by: PAMPLIN MEDIA GROUP: CHASE ALLGOOD - Forest Grove mother-son duo Elena Parker and Grayson Penfield ran in this year's Boston Marathon. Neither was injured in the bomb blasts.A handful of Oregon runners were reported safe Monday afternoon after two explosions rocked the Boston Marathon finish line.

Three people — including an 8-year-old boy — were killed and more than 100 were injured in the explosions that happened at about 2:45 p.m. Boston time (about 11:45 a.m. Pacific time).

About 350 Oregonians were among the more than 27,000 runners who raced in the annual Boston Marathon. They included former University of Oregon track star Kara Goucher, who finished in the Elite Division more than two hours before the explosion.

Forest Grove marathon runner Elena Parker, 55, finished at about 2:27 p.m. and escaped injury. Her son, Grayson Penfield, 21, a junior at the University of Portland, finished his race at about 1:24 p.m. He also was not injured.

West Linn-Wilsonville School Superintendent Bill Rhoades, 56, finished the race at about 2:36 p.m. and was reported safe after the explosion.

Click here to listen to a KPAM 860 interview with Dave Harkin, owner of the Portland Running Company, who was in Boston for the marathon.

Cornelius resident James Deorup, 64, crossed the finish line at about 2:37 p.m. He was 9,613rd for all males and 351st in his age division (60-64).

Kate Phillips, 24, a former AmeriCorps member with the Forest Grove Community School and a resident of Indianapolis, hit the tape about 1:27 p.m. She was in 237th place for all women and 207th in her 18-39 age division.

Penfield and Parker are the veterans of several marathons apiece and both have qualified for previous editions of Boston but have yet to run it.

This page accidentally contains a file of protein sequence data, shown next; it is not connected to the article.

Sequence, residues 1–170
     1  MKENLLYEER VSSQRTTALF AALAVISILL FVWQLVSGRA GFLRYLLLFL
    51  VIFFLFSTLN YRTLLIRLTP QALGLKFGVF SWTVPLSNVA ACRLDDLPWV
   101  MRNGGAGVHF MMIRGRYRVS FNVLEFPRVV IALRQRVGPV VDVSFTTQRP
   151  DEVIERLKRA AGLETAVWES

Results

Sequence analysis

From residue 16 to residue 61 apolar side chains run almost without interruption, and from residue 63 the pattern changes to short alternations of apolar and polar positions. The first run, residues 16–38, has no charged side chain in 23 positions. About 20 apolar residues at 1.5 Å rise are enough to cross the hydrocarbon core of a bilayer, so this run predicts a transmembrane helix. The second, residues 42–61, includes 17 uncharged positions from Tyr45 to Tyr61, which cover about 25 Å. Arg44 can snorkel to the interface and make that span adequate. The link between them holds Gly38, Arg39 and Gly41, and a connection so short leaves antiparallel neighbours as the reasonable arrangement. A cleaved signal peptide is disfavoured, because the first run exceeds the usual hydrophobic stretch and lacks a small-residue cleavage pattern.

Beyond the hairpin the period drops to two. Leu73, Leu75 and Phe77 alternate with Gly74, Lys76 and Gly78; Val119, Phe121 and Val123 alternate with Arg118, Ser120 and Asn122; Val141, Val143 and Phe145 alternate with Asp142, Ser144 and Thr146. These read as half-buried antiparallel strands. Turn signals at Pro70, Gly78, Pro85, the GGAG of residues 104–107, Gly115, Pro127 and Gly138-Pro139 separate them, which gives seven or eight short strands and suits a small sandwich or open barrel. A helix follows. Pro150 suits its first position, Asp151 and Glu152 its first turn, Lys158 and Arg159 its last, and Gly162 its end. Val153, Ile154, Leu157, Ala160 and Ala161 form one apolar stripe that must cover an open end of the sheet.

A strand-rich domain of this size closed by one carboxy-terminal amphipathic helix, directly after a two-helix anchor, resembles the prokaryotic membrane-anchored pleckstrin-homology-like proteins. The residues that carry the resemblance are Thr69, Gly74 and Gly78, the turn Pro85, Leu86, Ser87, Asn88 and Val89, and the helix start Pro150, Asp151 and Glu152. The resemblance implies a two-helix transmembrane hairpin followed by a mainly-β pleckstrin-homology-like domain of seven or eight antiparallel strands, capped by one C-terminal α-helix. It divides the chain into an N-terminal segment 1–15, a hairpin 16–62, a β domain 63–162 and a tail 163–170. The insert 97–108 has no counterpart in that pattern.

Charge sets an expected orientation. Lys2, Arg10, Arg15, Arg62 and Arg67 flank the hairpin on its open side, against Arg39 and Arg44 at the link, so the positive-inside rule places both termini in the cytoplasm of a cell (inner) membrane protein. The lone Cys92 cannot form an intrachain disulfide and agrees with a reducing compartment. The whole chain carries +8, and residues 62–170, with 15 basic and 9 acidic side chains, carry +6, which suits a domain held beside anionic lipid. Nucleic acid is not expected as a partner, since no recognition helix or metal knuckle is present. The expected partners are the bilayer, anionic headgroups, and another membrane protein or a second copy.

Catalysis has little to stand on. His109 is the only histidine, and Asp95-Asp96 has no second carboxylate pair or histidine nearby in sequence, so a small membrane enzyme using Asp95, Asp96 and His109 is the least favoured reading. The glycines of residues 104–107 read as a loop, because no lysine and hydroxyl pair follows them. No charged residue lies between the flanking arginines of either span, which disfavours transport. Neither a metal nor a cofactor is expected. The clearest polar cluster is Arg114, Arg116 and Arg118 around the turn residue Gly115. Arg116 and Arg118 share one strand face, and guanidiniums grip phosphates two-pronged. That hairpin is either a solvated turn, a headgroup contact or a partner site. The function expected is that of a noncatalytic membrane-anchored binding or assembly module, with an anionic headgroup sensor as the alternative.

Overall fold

Parker said Monday started out in fine fashion for Boston Marathon participants from Washington County.

“It was an amazing experience — there were people cheering the whole way,” Parker said. “It gave me goosebumps.”

Then, four hours into the race, two explosions near the finish line created mayhem.

After she finished, Parker was shuttled away from the finish chute and was two blocks away when she heard the first blast.

“I was standing in line to get my clothing bag back off my bus and I heard this big ‘bang!’ ” Parker said. “Then there was another explosion, and I saw the smoke. I knew right away something bad had happened.”

After running 26.2 miles, Parker said she was “in a daze” but aware that emergency responders were speeding toward the marathon finish.

“I’ve never seen so many ambulances in my life,” she said. “Sirens were going off non-stop. There were helicopters overhead.”

Neither Parker nor Penfield were aware at that point that several dozen people had been injured and that two were reportedly dead. But they knew they would not be going to any of the events planned for the finishers of America’s most famous marathon.

“Everything’s been canceled. They were going to have a big party and an awards ceremony,” Parker said.

Recognizing it would be fruitless to try to catch a cab out of the downtown area, the pair walked across the Massachusetts Bridge to their hotel in Cambridge. They saw multiple text messages and voicemails from worried family and friends back home, but they were unable to call out until nearly 5:30 p.m. East Coast time.

“All the phone lines were jammed,” said Parker. “It was pretty surreal.”

Penfield and Parker are due to fly back to Portland Tuesday evening.

Karen Ylitalo Gill, 42, of Warren, had finished her race at about 2:09 p.m. and was about a block from the finish line when she heard the explosions.

“It feels like 9/11 here,” Gill said. “They were loud and the kind you just knew were not good.”